Tomorrow my little guy will be a big first grader and it feels like a new beginning not just for him but for all of us. The fact that parents feel this involved in the start of a new school year is a secret that was kept from me as a non-parent, and certainly one I didn’t understand as a kid. I remember well those dwindling days of summer, the excitement about school that percolated with nervousness and ambiguous, undefinable fear. And there was the letter, awaited all summer, that would come to the house with my new teacher’s name and room number, followed by the emergency calls to my friends to find out if they were in my class. I never suspected for a moment that my parents might also be anxious, or share my sorrow that the summer was over, or feel hopeful or wary or whatever about the coming school year.
Maybe it’s because I have only one child that I find myself excited and anxious and hopeful. I was a fount of emotions as I shopped for his school supplies and clothes, choosing among the scant pickings at Kohl’s for boys his age and sensing my inchoate panic about the lack of acceptable long-sleeve shirts. By God—we live in New England! You’d think the snow were due the second day of school. We have time, I silently told myself. It won’t likely start to get chilly for a month or so. The child has plenty of clothes.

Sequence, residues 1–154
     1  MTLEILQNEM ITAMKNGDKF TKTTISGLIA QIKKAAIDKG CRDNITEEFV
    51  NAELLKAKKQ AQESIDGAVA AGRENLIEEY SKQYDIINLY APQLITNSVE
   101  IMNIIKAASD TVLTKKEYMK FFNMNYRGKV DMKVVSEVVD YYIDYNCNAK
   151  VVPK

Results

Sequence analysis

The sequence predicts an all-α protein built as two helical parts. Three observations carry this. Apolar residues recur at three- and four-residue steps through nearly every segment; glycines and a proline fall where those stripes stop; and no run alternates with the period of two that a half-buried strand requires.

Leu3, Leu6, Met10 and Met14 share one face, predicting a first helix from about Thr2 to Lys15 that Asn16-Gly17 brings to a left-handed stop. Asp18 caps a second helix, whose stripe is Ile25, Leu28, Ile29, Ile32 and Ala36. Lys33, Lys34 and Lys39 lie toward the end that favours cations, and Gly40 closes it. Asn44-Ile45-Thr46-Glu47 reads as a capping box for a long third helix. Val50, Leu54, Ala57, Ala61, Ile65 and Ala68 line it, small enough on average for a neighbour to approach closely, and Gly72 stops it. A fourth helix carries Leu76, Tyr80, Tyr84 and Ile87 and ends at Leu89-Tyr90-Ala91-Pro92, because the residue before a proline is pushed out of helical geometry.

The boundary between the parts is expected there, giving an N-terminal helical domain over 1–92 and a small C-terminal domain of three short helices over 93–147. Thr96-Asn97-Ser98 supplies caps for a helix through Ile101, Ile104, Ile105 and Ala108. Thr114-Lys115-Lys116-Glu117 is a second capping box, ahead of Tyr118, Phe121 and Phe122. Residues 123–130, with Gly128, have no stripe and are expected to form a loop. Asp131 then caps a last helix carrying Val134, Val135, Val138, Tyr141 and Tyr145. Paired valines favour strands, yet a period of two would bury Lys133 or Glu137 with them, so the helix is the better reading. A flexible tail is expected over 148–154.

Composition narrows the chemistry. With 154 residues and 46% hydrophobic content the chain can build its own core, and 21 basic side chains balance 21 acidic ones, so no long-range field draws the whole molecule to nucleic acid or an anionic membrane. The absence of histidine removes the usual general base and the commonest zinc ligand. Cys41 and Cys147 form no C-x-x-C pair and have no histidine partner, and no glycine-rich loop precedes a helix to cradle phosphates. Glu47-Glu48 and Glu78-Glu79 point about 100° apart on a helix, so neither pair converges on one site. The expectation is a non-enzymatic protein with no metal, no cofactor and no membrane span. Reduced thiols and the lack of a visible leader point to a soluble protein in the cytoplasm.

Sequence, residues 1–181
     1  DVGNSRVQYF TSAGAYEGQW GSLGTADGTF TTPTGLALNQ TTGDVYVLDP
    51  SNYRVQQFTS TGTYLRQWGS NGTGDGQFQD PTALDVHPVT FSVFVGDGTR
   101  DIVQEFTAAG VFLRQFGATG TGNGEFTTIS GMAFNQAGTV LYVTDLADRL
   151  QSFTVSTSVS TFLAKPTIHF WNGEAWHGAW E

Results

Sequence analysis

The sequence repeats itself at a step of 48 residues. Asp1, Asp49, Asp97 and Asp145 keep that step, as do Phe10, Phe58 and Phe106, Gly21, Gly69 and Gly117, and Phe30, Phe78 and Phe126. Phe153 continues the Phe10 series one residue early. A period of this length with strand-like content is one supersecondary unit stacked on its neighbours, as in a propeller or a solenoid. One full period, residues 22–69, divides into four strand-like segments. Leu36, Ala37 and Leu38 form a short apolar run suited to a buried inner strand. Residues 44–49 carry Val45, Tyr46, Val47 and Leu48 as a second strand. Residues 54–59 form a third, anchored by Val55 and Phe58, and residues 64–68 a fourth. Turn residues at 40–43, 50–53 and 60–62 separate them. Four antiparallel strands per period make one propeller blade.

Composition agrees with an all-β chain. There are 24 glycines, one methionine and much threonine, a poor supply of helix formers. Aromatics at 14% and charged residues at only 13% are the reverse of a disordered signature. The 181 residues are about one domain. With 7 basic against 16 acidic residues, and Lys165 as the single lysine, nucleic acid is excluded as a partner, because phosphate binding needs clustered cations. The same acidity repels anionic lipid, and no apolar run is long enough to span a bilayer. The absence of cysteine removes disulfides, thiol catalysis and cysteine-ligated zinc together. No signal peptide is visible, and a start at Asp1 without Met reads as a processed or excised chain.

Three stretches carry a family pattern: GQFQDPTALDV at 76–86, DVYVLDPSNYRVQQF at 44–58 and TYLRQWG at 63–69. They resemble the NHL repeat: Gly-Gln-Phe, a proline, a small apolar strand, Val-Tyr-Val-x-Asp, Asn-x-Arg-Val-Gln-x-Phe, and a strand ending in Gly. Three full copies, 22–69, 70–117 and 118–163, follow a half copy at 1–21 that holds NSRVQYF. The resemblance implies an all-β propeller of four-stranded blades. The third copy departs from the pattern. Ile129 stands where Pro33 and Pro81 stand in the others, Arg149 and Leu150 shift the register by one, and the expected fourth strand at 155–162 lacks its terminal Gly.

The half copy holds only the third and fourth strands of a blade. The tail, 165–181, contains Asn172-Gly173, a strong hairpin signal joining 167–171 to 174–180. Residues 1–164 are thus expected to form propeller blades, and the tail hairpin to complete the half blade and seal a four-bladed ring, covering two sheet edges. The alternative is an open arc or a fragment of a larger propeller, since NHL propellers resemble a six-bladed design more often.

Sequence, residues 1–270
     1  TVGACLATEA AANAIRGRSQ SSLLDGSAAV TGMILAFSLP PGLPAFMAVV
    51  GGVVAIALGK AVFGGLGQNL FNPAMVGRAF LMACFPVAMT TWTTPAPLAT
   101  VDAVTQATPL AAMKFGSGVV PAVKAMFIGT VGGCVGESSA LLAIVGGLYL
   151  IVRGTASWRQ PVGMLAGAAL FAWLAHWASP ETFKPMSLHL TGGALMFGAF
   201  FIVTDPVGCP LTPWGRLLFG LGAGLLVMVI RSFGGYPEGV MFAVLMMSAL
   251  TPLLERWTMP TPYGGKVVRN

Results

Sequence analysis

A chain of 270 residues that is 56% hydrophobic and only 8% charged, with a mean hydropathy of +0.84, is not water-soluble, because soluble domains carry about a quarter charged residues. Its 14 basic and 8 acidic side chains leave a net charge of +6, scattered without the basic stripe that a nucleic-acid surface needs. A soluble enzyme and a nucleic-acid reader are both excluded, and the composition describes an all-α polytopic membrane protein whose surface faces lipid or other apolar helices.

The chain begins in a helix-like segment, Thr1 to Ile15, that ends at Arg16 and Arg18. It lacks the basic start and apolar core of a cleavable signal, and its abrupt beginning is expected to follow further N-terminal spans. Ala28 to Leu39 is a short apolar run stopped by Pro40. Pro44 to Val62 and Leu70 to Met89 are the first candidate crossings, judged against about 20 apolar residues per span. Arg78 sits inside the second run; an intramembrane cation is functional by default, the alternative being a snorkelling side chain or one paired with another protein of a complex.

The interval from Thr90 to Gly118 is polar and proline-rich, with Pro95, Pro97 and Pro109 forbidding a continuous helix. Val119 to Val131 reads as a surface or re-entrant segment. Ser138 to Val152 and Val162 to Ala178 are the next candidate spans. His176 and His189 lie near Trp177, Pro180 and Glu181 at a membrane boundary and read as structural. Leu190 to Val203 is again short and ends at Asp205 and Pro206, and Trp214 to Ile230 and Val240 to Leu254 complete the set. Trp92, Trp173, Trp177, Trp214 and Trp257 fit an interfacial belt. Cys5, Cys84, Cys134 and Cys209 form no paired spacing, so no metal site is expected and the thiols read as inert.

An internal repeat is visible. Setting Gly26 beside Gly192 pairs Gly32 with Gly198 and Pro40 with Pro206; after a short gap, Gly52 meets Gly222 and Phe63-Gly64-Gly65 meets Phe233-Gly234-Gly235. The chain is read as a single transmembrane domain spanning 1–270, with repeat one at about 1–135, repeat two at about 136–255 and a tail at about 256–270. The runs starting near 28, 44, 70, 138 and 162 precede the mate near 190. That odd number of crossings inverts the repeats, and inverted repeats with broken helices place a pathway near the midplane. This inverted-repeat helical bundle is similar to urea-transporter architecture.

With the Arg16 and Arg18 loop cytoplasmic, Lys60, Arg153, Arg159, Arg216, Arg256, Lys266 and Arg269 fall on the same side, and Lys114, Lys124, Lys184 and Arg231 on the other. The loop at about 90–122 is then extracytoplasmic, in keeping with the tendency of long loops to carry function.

It’s better if I do most shopping without the little guy, although I did have to drag him along when I bought him a new pair of shoes. He has zero interest in shopping and his only opinion about anything I ask him about is, “Are we done?” or “Can I go look at the toys?” Once in while, when I come home with something really, really cool, like the red Lego pencil box I found at Staples, he’s excited and pleased and I know I’m a rockin’ mom.
Maybe things have changed, too, since I went to school. These days, at least, sending your child to school isn’t about dropping them off at a place that has little or nothing to do with you. You are part of a community. A lot is expected of you, not just of your child. Fundraisers, outreach, public relations, play dates with new or potential classmates, birthday parties, end-of-year parties, back-to-school picnics, volunteering for the book fair. Last year, Jonah’s first at this school, was especially nerve racking because we didn’t know anyone. I couldn’t help but wonder if we’d fit in. Now that we know people, now that we’ve all played well with others, I’m not as worried about the fitting-in part.
The little guy hasn’t expressed a whole lot of much about school. He’s told me that school will be harder this year and I’ve said he’s right, but that he’s smarter now, too. He’s a bit sad that the summer is ending but excited to see his friends and teachers. I don’t sense a lot of anxiety coming from his direction and that’s a good thing.
I’m guessing he’ll be fine.